Customer Service Tip of the Week

Tire Dealers Becoming Teachers - 5/19/20


I recently needed two new tires for a vehicle, and I first went to the tire dealer’s website to find some options.  The site’s look/feel and ordering process had changed, and I didn’t see a tire I wanted, so I called the store to make an appointment. When I arrived Read more

Developing Fan Relations During COVID-19


As sports teams and organizations across the world are gearing up to start play without fans, these same organizations are also determining what that fan experience is going to be when fans start attending again.  Many sports organizations are focused on locking in revenue from existing fans - keeping Read more

Reduce Their Anxiety Leading Up to Their Return


Building customer comfort and confidence in going to your facilities is a process which has a lot of similarities to the technique we train clients on to reduce customer anxiety.  From a tactical perspective, when you’re interacting with somebody who is anxious or nervous, you want to get them Read more

Moving toward Normalcy: The Face-to-Face Keys - 5/12/20


As we slowly go back to a face-to-face world, here are a few quick reminders for what positively differentiates employees who understand the importance of body language and expressions v. those who don’t. Especially if you’re wearing a mask and serving customers, ensure your eyes are focused on the other Read more

Pivot to a Stronger Post-COVID Culture


If there ever was a time for virtually every organization to assess their culture, this is it.  Culture not only drives customer service, but it also drives long-term organizational success.  While leaders can define the Desired Culture and can chart a Vision, leaders typically do very little of the Read more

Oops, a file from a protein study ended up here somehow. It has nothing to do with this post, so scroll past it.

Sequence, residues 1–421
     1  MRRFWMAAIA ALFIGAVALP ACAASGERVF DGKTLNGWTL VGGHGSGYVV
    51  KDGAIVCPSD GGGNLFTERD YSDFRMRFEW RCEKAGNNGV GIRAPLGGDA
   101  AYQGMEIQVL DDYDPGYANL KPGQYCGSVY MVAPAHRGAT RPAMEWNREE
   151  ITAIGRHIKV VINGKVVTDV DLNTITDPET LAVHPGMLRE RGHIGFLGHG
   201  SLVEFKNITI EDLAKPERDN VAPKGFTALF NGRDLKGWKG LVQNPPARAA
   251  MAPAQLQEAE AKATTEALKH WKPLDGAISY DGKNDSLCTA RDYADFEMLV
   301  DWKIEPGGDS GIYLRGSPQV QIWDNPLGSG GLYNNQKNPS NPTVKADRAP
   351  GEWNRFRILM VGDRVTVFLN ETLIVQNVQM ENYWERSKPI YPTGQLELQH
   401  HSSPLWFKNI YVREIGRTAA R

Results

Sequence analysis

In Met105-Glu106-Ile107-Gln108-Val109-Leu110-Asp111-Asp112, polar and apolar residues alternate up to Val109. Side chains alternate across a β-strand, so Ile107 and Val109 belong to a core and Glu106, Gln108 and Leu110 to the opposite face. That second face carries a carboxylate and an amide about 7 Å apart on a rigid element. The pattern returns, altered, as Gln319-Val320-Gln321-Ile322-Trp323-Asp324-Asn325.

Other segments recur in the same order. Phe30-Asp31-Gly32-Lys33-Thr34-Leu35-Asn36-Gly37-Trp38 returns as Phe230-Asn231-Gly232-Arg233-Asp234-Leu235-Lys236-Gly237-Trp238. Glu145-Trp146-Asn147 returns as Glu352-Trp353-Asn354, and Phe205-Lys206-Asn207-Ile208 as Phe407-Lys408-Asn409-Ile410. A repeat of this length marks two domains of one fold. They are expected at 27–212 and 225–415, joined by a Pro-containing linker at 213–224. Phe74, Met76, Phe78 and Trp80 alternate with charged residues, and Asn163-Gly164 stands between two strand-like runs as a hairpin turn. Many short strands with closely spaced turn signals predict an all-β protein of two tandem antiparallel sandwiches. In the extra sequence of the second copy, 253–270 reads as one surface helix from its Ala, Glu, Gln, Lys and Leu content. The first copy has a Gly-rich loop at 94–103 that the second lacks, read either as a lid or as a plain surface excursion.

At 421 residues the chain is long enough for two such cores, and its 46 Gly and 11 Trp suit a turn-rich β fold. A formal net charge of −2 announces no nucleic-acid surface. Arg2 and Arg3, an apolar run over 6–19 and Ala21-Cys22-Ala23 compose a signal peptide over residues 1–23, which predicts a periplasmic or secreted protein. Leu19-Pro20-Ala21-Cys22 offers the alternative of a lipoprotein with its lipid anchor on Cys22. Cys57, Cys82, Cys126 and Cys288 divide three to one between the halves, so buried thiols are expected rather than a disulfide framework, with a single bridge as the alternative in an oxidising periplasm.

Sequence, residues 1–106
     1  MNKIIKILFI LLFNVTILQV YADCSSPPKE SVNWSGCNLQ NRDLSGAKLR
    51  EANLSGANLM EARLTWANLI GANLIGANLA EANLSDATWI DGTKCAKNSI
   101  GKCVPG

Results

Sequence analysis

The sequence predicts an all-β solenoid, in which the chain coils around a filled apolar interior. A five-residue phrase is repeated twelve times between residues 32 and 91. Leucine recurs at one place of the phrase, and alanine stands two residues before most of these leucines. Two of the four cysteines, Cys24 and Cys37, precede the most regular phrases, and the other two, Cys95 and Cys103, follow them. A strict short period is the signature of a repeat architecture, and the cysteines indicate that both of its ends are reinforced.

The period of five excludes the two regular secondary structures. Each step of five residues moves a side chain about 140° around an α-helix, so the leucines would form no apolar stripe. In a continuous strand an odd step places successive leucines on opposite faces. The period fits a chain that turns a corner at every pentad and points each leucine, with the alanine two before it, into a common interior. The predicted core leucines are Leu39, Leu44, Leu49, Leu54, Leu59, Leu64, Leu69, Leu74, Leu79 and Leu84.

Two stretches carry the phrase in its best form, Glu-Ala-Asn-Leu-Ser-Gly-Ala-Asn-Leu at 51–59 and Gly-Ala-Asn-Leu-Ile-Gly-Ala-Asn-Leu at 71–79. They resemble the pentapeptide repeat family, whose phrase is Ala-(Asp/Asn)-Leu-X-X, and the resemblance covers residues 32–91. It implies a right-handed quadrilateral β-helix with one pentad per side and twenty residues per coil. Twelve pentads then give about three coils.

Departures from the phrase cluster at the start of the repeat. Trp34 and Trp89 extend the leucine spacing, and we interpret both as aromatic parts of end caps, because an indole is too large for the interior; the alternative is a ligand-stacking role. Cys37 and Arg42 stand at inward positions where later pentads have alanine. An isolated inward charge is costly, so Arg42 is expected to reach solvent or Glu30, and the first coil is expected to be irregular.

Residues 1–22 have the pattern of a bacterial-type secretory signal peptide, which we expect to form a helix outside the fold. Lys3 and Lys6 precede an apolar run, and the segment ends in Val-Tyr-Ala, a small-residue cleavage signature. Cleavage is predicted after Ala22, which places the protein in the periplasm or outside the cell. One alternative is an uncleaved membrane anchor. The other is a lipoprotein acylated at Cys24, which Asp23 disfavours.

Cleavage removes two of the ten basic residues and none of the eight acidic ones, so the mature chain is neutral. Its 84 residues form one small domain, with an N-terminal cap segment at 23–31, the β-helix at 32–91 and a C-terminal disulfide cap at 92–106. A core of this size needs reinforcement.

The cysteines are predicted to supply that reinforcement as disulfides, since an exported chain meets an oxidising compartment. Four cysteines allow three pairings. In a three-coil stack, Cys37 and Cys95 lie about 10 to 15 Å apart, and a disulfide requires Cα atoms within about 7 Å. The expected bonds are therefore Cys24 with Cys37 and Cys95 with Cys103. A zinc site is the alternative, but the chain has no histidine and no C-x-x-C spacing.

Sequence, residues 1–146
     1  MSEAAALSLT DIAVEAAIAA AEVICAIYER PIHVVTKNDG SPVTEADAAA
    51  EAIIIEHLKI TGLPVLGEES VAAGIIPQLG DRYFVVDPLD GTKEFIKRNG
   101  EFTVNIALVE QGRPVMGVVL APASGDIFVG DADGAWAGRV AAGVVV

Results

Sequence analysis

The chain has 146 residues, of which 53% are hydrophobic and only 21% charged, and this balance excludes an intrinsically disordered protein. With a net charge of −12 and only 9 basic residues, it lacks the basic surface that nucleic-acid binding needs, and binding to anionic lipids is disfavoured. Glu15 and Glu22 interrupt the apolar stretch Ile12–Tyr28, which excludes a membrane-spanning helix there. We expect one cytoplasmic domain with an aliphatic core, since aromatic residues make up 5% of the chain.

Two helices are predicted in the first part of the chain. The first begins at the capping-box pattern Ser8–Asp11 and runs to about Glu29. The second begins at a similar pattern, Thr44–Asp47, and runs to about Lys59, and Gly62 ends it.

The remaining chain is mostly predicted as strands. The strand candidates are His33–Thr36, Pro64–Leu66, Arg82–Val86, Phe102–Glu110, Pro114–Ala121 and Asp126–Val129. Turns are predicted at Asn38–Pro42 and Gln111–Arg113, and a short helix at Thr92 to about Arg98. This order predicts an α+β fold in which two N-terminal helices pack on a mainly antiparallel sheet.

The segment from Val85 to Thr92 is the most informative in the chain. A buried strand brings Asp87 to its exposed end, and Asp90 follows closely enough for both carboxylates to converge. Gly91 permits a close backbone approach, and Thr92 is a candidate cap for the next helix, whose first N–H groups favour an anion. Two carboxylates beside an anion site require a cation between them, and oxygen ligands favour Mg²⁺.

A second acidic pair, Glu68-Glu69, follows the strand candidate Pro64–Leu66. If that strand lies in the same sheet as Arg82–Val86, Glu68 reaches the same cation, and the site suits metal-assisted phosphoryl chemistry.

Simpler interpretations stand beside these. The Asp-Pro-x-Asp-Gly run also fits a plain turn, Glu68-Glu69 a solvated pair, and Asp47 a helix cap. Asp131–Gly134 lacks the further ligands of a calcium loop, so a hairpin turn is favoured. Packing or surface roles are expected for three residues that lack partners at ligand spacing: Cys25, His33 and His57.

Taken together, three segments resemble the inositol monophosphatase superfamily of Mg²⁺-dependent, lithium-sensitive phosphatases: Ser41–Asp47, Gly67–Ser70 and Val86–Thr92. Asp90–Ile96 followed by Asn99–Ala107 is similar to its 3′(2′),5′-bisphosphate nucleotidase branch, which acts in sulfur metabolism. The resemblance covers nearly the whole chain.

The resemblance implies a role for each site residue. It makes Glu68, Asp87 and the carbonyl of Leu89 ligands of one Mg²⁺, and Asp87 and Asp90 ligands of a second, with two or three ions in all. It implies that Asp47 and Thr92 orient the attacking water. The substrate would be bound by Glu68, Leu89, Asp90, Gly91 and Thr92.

5 Steps to Valuing Another’s Time - 5/5/20


Is your time valuable?  Is the customer’s time valuable?  I would think we would answer “yes” to both questions, but what does that really mean?  It’s important, and it’s finite. Time is precious because it doesn’t come in unlimited quantities.  We can’t go to Amazon and buy more time.  It’s Read more

Put Yourself at the Controls of Change - 4/28/20


You have probably heard about manufacturing plants and restaurants who are pivoting during these challenging times and starting to make hand sanitizers, masks, and gowns.  They are being forced to change, and they’re trying to find the opportunities among the obstacles that surround them. Sometimes we, too, as individuals in Read more

From Team-up to Partner - 4/21/20


The phrase used to be “Team-up.”  Company A and Company B are going to Team-up to address this big consumer need. Now the term is “Partner.”  Organization A and Organization B are going to partner together to seek a resolution to this community issue. Both of these phrases essentially deal with Read more